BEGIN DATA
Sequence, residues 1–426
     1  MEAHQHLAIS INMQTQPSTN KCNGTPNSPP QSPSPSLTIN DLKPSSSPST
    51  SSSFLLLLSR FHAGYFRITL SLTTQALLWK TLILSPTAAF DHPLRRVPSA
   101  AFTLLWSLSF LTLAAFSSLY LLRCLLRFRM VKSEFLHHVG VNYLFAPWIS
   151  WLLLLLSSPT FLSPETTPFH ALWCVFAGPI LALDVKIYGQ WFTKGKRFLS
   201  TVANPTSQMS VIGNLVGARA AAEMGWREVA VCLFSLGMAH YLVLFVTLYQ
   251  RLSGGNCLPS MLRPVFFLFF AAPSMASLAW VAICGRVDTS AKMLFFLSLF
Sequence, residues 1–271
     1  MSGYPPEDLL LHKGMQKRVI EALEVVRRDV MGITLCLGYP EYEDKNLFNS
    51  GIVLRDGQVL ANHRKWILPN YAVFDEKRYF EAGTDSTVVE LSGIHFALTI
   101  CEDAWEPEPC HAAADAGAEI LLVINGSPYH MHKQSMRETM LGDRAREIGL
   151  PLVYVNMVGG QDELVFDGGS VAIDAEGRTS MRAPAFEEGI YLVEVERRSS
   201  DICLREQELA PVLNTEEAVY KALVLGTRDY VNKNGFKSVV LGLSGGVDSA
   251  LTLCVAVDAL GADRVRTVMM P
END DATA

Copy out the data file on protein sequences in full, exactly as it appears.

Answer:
Sequence, residues 1–426
     1  MEAHQHLAIS INMQTQPSTN KCNGTPNSPP QSPSPSLTIN DLKPSSSPST
    51  SSSFLLLLSR FHAGYFRITL SLTTQALLWK TLILSPTAAF DHPLRRVPSA
   101  AFTLLWSLSF LTLAAFSSLY LLRCLLRFRM VKSEFLHHVG VNYLFAPWIS
   151  WLLLLLSSPT FLSPETTPFH ALWCVFAGPI LALDVKIYGQ WFTKGKRFLS
   201  TVANPTSQMS VIGNLVGARA AAEMGWREVA VCLFSLGMAH YLVLFVTLYQ
   251  RLSGGNCLPS MLRPVFFLFF AAPSMASLAW VAICGRVDTS AKMLFFLSLF
Sequence, residues 1–271
     1  MSGYPPEDLL LHKGMQKRVI EALEVVRRDV MGITLCLGYP EYEDKNLFNS
    51  GIVLRDGQVL ANHRKWILPN YAVFDEKRYF EAGTDSTVVE LSGIHFALTI
   101  CEDAWEPEPC HAAADAGAEI LLVINGSPYH MHKQSMRETM LGDRAREIGL
   151  PLVYVNMVGG QDELVFDGGS VAIDAEGRTS MRAPAFEEGI YLVEVERRSS
   201  DICLREQELA PVLNTEEAVY KALVLGTRDY VNKNGFKSVV LGLSGGVDSA
   251  LTLCVAVDAL GADRVRTVMM P